Garrigan’s illusions start to dissipate when his passport is confiscated and one of Amin’s wives, with whom he is having an affair, is murdered in a depraved manner. Further, the British show him photos of hordes of gruesomely slaughtered victims. In fact, the entire political opposition has been wiped out. Garrigan now wants out of Uganda and away from Amin’s murderous insanity. His opportunity to flee presents itself in June-July 1976 during the famous incident when members of the Popular Front for the Liberation of Palestine and Germany’s Baader-Meinhof group hijack an Air France plane, landing it at Uganda’s Entebbe airport. (The hostage-taking ended in an Israeli raid, which resulted in the deaths of 20 Ugandan soldiers and the hostage-takers.)

As a political thriller, The Last King of Scotland has a certain merit, although it generally avoids delving into the more profound political and historical issues surrounding Amin. Befuddled by the Ugandan president as a historical personality, the filmmakers rely on patching together a psychological profile, filling in the gaps with scenes of gratuitous violence. It is difficult to get an in-depth picture, first of all, when the spectator is parachuted into the middle of events without an historical explanation or context.

In an undeveloped and incomplete manner, the film shows certain important details, such as Amin’s populist rhetoric and his vague, erratic anti-British views—views, however, that do not prevent him from properly crediting his ex-masters with his political ascendancy. Also depicted is Amin’s heinous expulsion of some 35,000 Asians in the space of three months in 1972, a plan that came to him in a dream.

The Last King of Scotland explains Amin by way of the liberal, ahistorical nostrum that absolute power corrupts absolutely. Further, it dangerously flirts with the idea that the British rule may have been preferable to that of the African dictator. (From its description in the production notes as a film “startlingly resonant with today’s world,” one might conclude that the filmmakers have fallen, or half-fallen, for the argument that the Iraqis are incapable of governing themselves.)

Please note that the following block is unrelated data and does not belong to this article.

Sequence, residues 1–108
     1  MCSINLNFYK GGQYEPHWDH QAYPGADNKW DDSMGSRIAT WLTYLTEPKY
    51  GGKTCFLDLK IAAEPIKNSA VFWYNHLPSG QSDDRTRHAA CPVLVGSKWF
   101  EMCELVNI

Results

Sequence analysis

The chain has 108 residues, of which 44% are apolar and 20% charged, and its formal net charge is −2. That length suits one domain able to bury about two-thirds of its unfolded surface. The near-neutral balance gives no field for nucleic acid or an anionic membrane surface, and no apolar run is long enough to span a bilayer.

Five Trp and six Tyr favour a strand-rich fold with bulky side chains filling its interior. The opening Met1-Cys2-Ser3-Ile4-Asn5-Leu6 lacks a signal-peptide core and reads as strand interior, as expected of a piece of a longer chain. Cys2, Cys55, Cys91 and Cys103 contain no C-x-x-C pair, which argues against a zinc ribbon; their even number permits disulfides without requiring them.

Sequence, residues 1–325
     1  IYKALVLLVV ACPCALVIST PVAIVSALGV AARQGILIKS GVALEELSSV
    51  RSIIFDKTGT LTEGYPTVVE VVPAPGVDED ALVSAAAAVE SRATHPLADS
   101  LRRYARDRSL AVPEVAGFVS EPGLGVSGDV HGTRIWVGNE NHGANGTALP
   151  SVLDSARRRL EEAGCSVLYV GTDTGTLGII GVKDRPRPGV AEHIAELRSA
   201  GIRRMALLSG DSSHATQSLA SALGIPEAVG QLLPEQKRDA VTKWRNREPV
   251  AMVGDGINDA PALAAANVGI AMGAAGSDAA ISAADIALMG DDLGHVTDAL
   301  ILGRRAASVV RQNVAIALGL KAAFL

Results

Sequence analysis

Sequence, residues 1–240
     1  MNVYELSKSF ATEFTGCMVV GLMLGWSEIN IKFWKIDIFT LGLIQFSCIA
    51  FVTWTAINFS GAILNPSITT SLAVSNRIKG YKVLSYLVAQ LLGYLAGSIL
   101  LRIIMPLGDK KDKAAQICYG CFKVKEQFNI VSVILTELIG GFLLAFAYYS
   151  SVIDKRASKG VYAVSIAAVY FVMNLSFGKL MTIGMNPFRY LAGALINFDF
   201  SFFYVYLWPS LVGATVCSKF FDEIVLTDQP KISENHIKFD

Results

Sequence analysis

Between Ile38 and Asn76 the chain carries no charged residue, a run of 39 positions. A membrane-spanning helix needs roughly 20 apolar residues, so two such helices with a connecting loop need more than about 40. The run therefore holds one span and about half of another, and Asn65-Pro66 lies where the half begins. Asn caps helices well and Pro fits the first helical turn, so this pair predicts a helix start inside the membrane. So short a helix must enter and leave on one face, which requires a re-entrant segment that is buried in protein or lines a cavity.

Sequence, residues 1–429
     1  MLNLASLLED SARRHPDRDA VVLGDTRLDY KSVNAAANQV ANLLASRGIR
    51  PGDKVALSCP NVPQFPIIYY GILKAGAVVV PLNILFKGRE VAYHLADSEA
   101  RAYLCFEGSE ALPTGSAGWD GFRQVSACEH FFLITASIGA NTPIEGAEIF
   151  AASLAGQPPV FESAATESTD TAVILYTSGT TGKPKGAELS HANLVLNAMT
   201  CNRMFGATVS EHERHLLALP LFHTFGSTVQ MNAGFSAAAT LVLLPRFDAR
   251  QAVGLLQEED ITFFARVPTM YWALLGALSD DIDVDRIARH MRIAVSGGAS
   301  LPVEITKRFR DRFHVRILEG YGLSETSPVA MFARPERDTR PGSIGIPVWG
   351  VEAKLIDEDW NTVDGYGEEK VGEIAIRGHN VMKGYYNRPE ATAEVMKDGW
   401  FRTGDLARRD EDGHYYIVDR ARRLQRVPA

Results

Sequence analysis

In fact, the earlier colonial regime and Amin’s are different sides of the same imperialist coin. In the first place, Amin was a product of the British colonial army, serving in Somalia and Uganda and participating in the bloody suppression of the Mau Mau in Kenya in 1952. He had a reputation as a brutal interrogator of prisoners. Amin’s name apparently appeared on a list of those who performed best against the Mau Mau and he was promoted in 1954 to the highest possible rank for a black African in the colonial army. Throughout the 1950s and early 1960s, up to the eve of Ugandan independence, he participated in the suppression of various tribal and popular revolts. In short, Amin learned his thuggishness and penchant for violence from the British.

Amin’s seizure of power in Uganda was welcomed by the Foreign Office in London, who described him as “A splendid type and a good football player.” As a ruler—apart from his more obvious eccentricities and particular blood-thirstiness, which may have been helped along by syphilis—Amin shared many characteristics with other bourgeois-nationalist leaders in the colonial or former colonial countries in the 1970s: fearful of the masses below, demagogically denouncing ‘foreign imperialist interference’ and attempting to maneuver between the Western powers, on the one hand, and the Soviet Union, on the other.

Rather than going into these historical facts and truly making something of them, Macdonald preferred to see his project as toying with the idea of “[w]hat happens to someone who starts with good intentions and ends up becoming a blood thirsty individual?”

And so the film begins by depicting Amin’s charm and desire to modernize Uganda, then heats up into a graphic depiction of his violence, including the hoisting of Garrigan on hooks for wife poaching.

The production notes liken the film to a “shocking ride into the darkest realm on earth: the human heart.”

In reality, it is not the human heart that is inevitably dark, but the consequences of full-blooded imperialism. Again, this from Morel: “To reduce all the varied and picturesque and stimulating episodes in savage life to a dull routine of endless toil for uncomprehended ends, to dislocate social ties and disrupt social institutions; to stifle nascent desires and crush mental development; to graft upon primitive passions the annihilating evils of scientific slavery, and the bestial imaginings of civilized man, unrestrained by convention or law; in fine, to kill the soul in a people—this is a crime which transcends physical murder.”

Whitaker’s remarkable performance aside, the film does little to contribute to an understanding of Amin as a historical or sociological phenomenon. In fact, it tends to add to the general confusion on this score.